This is a journal of my vegetable gardens. Skippy was my first dog and he thought the garden was his, even though I did all the work. Now Suzie and Charley follow in his footsteps. We're located near Boston (USDA zone 6A). I have a community plot, a backyard vegetable garden, fruit trees, berry bushes, chickens, and bees. I use sustainable organic methods and do my best to grow all of my family's vegetables myself.

Tuesday, November 04, 2014

today's garden work

Not only are the days short now, but dusk seems to last for hours. The sun hovers, lingering at the horizon, then slowly sinks for the night. Today in the long twilight I got some garden work done.

- I hosed clean my sweet potatoes then transferred them to a smaller storage bucket.

- I looked up how to decontaminate my late blight infested tomato vine debris. Then I tarped it over for the winter.

- I brought 6 or 7 giant hosta clumps that a friend gave me down to my vegetable garden and tucked them into a bed for the winter.

- I cleared out summer squash and cucumber vines, zinnias, beans and sunflower debris and piled them in a compost bin. I then climbed into the bin and stomped the contents down.

- I stuck my head in my winter tunnel and noticed there are a few more varieties in there than I listed yesterday. I will add these soon. I also noticed it's beautiful in there. The light has a transfused opalescent thickness from the plastic walls, the air is moist and the plants glow green.

- I planted winter rye seed in two beds. There are still a few rows of fall greens growing here and there (to be harvested this month) so I spread seed close in under these plants. After scattering seed, I got into the dirt and used my fingers to "rake" the seed in. It was a chance to feel and smell the garden close up. The strongest smell was the spicy nasturtiums vines in the neighboring bed (early summer, they were grew quietly under the tomatoes but then over-grew the whole bed after late blight killed the tomatoes). I damaged a marigold plant and smelled its pungent odor. The dirt has its own smell, I think richer in fall with newly killed plant material mixing in.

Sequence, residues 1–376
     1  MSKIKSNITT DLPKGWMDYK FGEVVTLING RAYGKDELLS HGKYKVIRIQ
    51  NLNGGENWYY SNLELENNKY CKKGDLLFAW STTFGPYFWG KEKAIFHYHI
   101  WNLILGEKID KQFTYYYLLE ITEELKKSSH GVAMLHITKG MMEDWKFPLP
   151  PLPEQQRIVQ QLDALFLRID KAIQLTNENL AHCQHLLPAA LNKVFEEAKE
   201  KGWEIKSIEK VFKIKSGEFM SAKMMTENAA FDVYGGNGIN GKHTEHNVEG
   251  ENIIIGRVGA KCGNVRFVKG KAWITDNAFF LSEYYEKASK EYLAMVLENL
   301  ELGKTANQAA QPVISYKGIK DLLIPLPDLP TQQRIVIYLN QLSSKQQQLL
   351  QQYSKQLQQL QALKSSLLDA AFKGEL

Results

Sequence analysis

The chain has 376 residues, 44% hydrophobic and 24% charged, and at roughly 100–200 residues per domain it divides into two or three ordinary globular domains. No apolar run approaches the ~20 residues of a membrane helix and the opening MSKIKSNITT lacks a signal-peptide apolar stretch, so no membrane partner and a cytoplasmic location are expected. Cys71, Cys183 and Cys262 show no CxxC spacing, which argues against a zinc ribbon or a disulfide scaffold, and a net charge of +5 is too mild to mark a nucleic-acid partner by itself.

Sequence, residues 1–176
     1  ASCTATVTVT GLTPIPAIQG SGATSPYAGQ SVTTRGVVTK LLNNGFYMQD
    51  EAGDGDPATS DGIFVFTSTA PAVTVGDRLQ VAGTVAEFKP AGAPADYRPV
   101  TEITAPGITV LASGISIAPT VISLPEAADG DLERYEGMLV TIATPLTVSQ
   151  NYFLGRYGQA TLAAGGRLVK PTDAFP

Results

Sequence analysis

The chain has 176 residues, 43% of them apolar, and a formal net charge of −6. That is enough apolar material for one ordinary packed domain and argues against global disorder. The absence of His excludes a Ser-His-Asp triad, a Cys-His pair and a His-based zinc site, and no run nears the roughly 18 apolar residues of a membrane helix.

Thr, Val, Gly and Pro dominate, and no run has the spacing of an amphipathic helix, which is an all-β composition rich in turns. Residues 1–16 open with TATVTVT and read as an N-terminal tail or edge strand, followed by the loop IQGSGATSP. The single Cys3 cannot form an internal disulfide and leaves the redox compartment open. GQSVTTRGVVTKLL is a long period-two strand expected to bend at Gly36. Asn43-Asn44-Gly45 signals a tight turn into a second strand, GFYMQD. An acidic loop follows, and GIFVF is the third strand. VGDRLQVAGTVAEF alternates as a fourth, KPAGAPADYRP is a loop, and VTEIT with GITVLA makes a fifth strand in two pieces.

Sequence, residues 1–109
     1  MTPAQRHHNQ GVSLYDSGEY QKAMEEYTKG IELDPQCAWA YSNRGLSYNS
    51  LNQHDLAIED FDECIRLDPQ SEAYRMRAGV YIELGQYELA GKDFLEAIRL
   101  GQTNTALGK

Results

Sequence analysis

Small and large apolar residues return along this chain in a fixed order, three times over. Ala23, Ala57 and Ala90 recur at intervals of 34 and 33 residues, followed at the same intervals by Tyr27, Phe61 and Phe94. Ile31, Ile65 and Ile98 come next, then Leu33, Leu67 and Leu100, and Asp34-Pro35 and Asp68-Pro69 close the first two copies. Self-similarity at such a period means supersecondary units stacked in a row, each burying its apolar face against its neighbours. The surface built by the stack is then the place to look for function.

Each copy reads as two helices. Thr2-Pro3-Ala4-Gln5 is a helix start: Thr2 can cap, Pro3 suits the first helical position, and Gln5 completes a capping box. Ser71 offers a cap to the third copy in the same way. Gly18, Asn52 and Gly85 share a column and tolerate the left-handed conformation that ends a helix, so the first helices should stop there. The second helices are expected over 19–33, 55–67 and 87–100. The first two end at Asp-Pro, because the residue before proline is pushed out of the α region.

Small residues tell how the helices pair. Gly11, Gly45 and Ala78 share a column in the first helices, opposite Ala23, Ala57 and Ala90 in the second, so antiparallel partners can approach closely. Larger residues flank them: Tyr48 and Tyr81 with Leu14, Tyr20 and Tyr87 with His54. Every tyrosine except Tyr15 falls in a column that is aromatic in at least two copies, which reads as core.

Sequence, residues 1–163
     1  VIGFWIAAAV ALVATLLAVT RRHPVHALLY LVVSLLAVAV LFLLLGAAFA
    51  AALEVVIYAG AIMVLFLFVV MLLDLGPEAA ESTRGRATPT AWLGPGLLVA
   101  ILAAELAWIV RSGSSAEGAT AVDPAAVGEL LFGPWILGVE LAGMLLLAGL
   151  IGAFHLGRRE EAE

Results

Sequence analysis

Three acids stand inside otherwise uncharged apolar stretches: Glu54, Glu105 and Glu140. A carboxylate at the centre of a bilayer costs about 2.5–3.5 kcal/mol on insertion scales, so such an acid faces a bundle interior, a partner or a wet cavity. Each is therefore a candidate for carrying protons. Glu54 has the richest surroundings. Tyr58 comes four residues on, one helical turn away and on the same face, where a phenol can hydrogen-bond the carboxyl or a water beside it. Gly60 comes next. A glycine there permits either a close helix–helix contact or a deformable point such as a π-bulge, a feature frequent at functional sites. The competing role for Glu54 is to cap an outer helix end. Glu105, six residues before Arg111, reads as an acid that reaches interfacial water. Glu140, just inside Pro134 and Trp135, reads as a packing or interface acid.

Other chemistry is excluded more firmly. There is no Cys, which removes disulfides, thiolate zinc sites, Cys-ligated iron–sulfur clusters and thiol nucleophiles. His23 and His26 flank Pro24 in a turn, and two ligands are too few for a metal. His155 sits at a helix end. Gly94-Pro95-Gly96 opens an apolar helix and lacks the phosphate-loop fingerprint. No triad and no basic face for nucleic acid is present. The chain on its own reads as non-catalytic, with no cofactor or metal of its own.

After this, I remembered I needed to go vote. I'm sure I was the dirtiest person at the polls. But I enjoyed every minute in the garden today.


Blogger Kate Mossy said...

What was your solution for decontaminating the blight?

November 07, 2014 11:23 AM

Anonymous Ralph said...

Winter rye, wonderful green manure, but isn't it a bit late for sowing?

Bok Choi--I planted that this season, first time, but our Indian Runners slipped through the garden gate and, alas, feasted.

November 07, 2014 11:39 AM

Blogger kathy said...

Yes, very late to sow winter rye. But weather is unpredictable, and maybe it will do well.

I have been watching local farm fields planthped with rye. There is variation in how tall it is. Some fields are thick with a good 5 in of growth. Some have sparce growth. I will keep an eye on mine and photo it.

What areIndian Runners? I am guessing chickens.

Kate- to decontaminate late blight, I followed advice on Cornell web site. I piled it up and covered with tarp in a sunny location. I should have done it sooner, but I am hoping better late than not. I will try to post photo and more info.

November 16, 2014 7:31 PM


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